The jury deliberated for nearly four hours before awarding Terrell, $100,000 for mental anguish, $53,670 for lost earnings, and $132,213 in attorney fees. Terrell's attorney, Bob Thomas, said the entire verdict will earn 10 percent interest dating back to six months after Terrell was fired in July 1991.
The former warden filed suit in 1991 under the Whistleblower Act alleging that he was fired in retaliation for filing three complaints against then-Northern Regional TDCJ Director Marshal Herklotz. Terrell accused Herklotz of trying to intimidate witnesses and derail an investigation. The investigation had been started by Terrell who charged a TDCJ major with failing to prevent the stabbing of a prisoner after he had received information that the prisoner was in mortal danger.
Terrell also wrote letters to then-TDCJ board chairman Seldon Hale and Gov. Ann Richards complaining of corruption within the TDCJ. In a meeting with Hale, Terrell accused then-prison director Andy Collins of falsifying payroll records and misapplying state travel funds.
Court testimony revealed that TDCJ Internal Affairs investigated and its findings did not support any of Terrell's allegations.
During the trial, Seldon Hale was asked why he had resigned from the TDCJ board. Hale said that when reports surfaced that a board member was being investigated about working for a company the TDCJ had contracted with, he resigned to keep bad publicity from hurting governor Richards.
In 1993, an Anderson County jury ruled that Terrell was fired out of malice and awarded him $700,000 in damages -- $445,508 for lost earnings and $250,000 punitive damages. However, that verdict was reversed by the 12th circuit court of appeals and remanded for retrial.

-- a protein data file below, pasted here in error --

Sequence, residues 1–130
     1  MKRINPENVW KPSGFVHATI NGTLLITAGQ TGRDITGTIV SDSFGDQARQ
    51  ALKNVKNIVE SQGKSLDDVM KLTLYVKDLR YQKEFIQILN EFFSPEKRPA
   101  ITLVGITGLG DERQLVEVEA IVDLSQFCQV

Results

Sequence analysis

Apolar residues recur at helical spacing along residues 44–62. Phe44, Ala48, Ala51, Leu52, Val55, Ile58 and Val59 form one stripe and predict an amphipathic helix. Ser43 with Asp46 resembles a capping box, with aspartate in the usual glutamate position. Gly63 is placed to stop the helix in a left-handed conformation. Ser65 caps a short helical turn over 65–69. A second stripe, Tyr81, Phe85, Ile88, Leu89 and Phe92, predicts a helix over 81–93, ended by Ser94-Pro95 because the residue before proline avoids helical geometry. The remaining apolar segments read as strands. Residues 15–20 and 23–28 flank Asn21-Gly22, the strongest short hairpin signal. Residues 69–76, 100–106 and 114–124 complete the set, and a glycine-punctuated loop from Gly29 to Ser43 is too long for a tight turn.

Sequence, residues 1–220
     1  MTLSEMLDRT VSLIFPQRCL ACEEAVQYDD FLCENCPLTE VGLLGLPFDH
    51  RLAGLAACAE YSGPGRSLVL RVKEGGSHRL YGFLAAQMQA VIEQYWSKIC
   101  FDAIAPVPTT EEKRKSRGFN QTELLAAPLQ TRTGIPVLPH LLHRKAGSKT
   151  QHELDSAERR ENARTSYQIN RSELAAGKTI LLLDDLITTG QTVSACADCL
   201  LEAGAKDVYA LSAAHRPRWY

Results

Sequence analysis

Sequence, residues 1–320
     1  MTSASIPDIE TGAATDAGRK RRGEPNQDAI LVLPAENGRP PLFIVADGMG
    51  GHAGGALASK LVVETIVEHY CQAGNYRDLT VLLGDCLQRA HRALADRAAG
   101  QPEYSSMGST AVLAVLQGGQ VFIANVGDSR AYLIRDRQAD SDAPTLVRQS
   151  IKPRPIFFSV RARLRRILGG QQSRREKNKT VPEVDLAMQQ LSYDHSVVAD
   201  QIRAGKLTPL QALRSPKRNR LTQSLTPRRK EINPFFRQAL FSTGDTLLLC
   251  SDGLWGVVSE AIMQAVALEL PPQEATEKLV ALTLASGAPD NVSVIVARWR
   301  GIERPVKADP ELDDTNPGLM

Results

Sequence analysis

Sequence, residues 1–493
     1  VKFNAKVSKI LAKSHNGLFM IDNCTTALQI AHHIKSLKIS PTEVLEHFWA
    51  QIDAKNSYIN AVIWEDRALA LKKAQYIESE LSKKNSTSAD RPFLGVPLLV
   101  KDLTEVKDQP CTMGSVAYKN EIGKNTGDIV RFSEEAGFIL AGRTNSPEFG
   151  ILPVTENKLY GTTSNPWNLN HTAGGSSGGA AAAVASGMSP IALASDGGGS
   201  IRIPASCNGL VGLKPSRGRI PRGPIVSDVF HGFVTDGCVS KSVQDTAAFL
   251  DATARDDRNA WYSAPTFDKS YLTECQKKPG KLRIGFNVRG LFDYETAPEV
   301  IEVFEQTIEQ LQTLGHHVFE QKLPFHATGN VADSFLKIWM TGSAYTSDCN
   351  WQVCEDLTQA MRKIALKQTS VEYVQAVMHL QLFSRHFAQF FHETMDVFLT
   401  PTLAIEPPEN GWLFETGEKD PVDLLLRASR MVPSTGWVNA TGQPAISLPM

In his closing statement to jurors in the second trial, Thomas asked for lost earnings of $644,000, a figure he said was calculated by an economist. Assistant A.G. Phil Marrus argued, however, that Terrell is better off financially today. While he was making $54,000 a year as a TDCJ senior warden in 1991, Terrell currently earns $74,000 annually as a warden of a private prison in Louisiana. He said of the $644,000 the economist calculated in lost earnings $550,000 was related to unpaid prisoner labor which cared for Terrell's state-owned house and lawn.
"It's unseemly to me to come in here and tell you that is a loss to him over the next twenty years,'' Marrus told the jury. "He has to mow his yard. How many of us don't? He has to trim his hedges. How many of us don't?"
Marrus argued that the Whistleblower Act wasn't designed to protect people who make unfounded allegations, and there was no evidence of Terrell's allegations.
Thomas told the jury that the TDCJ Internal Affairs division investigated Terrell's allegations against Herkhlotz, but not those against Collins, who is currently the focus of a federal grand jury probe investigating widespread TDCJ corruption which occurred while Collins was in charge of the Texas prison system.
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